When George W. Bush came to the defense of the media after it was brazenly attacked by President Trump, the Fourth Estate all but swooned.
Wasn’t this the same media that spent eight years criticizing the former president for his treatment of the press corps? wondered Fox WTTG-TV anchor Neil Cavuto. So he turned to Judy Kurtz, one of the network’s Washington-based correspondents, and asked if she could explain what was going on.
Kurtz—TV commentator, newspaper columnist, and Georgetown Journalism graduate—was more than happy to explain, in words everyone would understand.
“It’s kind of like your ex-boyfriend showing up at the class reunion,” she said, letting that picture sink in. “Looking pretty good!”
Judy Kurtz is an entertainment reporter for The Hill (“Also, known as the gossip columnist,” she added.) And she learned much of what she needed to write her columns at Georgetown.
But isn’t that not as, well, important as, for example, covering global warming and the Republican’s tax plan?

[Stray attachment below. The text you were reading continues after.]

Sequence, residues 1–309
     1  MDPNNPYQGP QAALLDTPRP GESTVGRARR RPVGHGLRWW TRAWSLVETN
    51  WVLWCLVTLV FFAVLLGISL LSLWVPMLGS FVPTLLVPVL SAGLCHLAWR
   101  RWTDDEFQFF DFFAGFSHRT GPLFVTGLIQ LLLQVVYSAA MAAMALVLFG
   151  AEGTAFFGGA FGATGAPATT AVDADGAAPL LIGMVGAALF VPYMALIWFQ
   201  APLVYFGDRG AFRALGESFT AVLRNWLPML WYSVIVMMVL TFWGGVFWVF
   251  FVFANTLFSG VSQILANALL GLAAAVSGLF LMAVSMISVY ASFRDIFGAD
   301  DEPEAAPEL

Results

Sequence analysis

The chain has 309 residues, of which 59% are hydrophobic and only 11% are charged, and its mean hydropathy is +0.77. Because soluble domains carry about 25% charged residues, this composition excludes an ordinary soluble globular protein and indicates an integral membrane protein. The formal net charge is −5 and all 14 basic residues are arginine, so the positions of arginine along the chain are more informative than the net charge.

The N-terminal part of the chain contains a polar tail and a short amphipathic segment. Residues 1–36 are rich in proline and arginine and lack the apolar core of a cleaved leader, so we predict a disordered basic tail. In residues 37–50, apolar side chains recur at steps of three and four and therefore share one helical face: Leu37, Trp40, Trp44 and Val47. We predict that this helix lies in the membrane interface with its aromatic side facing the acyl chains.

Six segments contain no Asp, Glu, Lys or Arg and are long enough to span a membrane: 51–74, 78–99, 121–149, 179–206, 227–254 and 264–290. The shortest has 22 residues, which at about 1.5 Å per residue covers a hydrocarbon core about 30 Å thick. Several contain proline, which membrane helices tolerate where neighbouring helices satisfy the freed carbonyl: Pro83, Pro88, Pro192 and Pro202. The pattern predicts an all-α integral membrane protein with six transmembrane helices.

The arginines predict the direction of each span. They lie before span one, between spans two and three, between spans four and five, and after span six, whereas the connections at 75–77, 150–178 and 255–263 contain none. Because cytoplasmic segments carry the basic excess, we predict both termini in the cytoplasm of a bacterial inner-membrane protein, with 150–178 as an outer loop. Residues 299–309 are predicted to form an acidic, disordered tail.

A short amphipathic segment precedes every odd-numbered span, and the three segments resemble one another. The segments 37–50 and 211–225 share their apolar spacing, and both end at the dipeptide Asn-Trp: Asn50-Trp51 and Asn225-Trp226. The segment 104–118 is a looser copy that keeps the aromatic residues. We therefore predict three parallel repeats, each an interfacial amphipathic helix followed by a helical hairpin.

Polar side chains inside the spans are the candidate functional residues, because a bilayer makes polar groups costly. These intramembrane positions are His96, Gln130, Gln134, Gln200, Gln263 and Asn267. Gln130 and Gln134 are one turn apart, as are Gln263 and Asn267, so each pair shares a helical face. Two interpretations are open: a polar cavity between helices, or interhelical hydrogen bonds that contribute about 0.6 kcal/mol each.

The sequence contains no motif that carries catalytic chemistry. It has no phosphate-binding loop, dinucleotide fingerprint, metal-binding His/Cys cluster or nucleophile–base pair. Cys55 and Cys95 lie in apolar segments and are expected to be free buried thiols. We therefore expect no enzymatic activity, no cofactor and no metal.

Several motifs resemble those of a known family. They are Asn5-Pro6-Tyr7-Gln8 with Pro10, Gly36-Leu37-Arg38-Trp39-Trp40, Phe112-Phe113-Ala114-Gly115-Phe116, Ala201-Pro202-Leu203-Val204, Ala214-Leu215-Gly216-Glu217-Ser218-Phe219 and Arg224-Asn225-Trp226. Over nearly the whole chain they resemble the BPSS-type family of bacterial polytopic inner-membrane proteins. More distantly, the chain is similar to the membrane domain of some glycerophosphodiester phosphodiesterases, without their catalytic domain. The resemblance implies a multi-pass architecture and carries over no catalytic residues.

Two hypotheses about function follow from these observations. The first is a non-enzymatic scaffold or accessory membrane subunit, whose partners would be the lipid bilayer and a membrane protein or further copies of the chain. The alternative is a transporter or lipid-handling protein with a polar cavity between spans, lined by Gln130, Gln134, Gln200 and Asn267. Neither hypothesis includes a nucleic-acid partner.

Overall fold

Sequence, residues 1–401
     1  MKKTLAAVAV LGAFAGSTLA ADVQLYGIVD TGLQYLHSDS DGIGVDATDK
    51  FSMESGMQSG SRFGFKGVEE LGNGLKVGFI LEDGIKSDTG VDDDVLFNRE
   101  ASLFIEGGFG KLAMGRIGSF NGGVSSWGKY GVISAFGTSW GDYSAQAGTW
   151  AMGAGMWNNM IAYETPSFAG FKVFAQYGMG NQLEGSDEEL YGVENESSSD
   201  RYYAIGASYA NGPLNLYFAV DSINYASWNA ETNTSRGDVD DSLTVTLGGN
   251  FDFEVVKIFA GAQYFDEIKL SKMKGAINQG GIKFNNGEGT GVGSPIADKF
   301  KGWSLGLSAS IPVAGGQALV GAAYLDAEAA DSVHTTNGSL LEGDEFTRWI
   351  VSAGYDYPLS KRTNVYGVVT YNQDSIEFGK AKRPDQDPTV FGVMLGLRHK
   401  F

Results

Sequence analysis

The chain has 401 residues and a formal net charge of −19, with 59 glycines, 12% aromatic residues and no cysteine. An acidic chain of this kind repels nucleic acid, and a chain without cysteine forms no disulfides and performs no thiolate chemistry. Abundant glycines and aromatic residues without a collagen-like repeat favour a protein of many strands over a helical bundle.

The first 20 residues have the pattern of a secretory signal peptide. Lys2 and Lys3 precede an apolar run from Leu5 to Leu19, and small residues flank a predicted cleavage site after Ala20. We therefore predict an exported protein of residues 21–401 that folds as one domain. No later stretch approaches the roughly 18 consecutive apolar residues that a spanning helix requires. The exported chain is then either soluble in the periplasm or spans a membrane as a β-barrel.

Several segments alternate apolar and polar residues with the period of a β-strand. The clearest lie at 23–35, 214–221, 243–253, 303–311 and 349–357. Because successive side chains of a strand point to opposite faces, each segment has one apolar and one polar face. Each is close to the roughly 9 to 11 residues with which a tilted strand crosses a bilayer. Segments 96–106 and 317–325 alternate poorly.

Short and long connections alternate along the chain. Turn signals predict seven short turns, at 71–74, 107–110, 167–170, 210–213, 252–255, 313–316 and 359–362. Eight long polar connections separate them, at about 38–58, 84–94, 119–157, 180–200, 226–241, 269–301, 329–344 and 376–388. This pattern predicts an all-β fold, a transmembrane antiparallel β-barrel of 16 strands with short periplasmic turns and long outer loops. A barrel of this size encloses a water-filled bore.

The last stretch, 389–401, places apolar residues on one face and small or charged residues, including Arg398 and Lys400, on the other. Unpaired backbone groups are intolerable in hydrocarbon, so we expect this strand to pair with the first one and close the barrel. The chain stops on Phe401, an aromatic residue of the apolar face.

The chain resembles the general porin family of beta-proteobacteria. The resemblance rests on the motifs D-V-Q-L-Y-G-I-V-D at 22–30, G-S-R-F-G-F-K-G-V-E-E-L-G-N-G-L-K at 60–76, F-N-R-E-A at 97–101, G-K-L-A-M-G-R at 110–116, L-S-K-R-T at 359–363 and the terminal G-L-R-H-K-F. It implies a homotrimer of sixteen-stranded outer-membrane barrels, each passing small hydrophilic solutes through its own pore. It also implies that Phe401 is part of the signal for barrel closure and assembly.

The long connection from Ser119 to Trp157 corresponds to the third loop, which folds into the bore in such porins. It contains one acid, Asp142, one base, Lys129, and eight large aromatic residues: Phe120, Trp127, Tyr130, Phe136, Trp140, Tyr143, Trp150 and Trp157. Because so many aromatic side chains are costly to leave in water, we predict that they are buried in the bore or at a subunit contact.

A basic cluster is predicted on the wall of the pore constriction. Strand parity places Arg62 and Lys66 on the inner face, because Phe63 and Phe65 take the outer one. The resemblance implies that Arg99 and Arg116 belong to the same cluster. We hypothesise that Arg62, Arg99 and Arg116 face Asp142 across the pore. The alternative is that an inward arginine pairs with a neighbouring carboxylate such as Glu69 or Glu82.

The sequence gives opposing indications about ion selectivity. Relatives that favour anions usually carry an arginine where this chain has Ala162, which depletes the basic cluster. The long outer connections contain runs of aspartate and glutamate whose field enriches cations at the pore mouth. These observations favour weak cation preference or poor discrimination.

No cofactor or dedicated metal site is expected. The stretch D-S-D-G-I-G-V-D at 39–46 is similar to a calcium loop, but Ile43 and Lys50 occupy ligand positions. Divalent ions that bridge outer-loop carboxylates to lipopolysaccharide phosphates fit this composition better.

“It’s the first thing people turn to when they open up the paper,” Kurtz said. Moreover, in this age of hyper-partisanship—when criticizing an opponent’s position can quickly lead to impugning his or her character—anything that reminds the public that politicians are people and not merely cutouts spouting opinions and policy positions is arguably a public service.
“It’s shining a light and showing, maybe, the human side of politics and politicians,” said Kurtz, who graduated from the program in 2015 and has returned to fulfill her dream of teaching the profession she loves. “I try to show the more lighthearted news that’s taking place on Capitol Hill.”
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Guidance Related to COVID-19
Updated Tuesday, July 20th, 2021 at 12:35 PM EDT
SCS continues to monitor the COVID-19 situation and respond in support of the University community. Currently, all summer term courses will continue through distance instruction.
In terms of the Fall 2021 semester, the School of Continuing Studies will resume regular operations effective August 16 at the 640 Massachusetts Avenue building, unless otherwise noted for specific programs.